• This also relates to practitioner’s valuing and recognition of behaviour that fits with their gender-based ideals. Chapman (2016), in her work that delved into how gendered ideas affect play within Australian EYFS settings, details that EYFS practitioners may give varying amounts, and types, of feedback to their students depending on their sex and behaviour.
  • While it goes without saying that all EYFS practitioners strive to ensure that they have relationships with the children that encourage feelings of safety, trust and fun, it is thought that girls are more likely to have better relationships with practitioners than boys, as their perceived superior social skills bias practitioners towards them (Robinson-Cimpian et al. (2014), Runions (2014) and Sanford (2005)). This in turn will influence where the children play and consequently what learning experiences they encounter. It could be concluded that the feeling of safety that is cultivated through these relationships may lead to female students exploring more areas of the setting, and boys not, resulting in the ELG gender gap (Downing, 2020).
  • Children may police each other with regard to behaving within gender stereotypes. Prioletta and Pyle (2017), who spent a considerable amount of time observing EYFS children at play in settings in Ontario, Canada, found that “in 70% of the videos, girls and boys played separately” (p. 398). This data also showed that the predominantly girl-only play happened at “the art/writing centre” (p. 398) and the boys-only play was mostly observed at “the blocks centre” (p. 399). I imagine that this will be relatable to many. This peer-on-peer policing based on understandings of gender can restrict the breadth of learning experiences that the children have. The writers go on to detail how at the girls-only play centres, the opportunities for literacy learning experiences were abundant, yet this is not the case for the boys-only play (Prioletta and Pyle, 2017). There is probable cause to think that this trend could be partially responsible for the gap in outcomes that are presented in the government data.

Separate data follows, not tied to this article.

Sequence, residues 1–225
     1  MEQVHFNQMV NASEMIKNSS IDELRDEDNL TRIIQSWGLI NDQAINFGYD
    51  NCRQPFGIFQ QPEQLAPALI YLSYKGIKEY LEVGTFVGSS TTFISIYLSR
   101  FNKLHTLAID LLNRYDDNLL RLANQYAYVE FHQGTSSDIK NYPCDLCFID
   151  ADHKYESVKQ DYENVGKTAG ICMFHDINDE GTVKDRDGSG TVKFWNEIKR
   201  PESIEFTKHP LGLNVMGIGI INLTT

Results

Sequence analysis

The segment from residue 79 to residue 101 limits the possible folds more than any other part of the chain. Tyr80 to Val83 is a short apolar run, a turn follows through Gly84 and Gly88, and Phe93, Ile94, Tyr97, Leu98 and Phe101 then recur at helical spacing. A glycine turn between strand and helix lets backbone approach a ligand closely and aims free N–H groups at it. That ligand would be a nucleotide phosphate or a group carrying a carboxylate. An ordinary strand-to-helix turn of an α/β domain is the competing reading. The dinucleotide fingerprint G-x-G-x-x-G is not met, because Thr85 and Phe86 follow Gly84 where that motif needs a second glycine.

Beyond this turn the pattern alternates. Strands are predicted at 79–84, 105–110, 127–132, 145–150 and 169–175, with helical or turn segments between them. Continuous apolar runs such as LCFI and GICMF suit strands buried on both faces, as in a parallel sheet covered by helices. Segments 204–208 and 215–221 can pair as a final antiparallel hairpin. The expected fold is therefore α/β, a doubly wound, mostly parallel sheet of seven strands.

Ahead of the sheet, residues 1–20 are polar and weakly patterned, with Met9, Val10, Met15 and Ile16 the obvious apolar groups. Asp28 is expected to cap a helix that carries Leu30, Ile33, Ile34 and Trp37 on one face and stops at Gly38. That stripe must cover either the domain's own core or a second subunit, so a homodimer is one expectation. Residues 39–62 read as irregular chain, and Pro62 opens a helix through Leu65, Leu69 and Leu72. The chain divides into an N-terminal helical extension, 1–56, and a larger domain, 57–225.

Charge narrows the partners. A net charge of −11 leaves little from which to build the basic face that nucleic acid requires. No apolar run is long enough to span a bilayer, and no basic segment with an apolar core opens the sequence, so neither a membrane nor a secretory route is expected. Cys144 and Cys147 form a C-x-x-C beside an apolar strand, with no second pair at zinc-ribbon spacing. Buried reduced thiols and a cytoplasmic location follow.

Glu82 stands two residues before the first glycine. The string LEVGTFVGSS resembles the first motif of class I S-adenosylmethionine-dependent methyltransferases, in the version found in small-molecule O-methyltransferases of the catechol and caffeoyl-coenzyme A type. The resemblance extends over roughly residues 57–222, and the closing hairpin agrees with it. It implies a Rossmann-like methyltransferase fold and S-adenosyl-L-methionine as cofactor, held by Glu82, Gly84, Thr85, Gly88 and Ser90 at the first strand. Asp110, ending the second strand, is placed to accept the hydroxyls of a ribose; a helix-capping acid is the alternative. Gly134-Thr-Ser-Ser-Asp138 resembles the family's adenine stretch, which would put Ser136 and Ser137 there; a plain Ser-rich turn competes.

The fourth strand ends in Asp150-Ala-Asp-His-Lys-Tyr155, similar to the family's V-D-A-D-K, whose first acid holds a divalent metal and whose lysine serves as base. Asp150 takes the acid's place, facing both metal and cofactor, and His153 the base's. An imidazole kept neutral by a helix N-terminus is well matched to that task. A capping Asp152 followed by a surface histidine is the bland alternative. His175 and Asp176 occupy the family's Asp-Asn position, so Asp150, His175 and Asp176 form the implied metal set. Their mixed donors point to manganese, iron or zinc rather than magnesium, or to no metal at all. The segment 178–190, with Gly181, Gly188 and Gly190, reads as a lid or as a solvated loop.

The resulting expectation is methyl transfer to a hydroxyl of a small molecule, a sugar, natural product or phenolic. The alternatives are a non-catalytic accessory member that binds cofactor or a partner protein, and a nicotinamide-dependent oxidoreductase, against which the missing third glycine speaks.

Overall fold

What can we do about this?

The smallest changes can make the biggest of differences.

  • Invite as many different people into your setting as possible. Sometimes there is nothing more influential than for a child to meet a ‘real-life [insert job title]’. Additionally, think carefully about how you interact with your visitor and the language used about them as the children will follow your lead. This then leads into ensuring that your setting represents people defying gender stereotypes in society. Also, if a female/male comes in to visit and is in a traditionally feminine/masculine job, ensure that this is as equally represented and appreciated as someone who is working outside of gender stereotypes.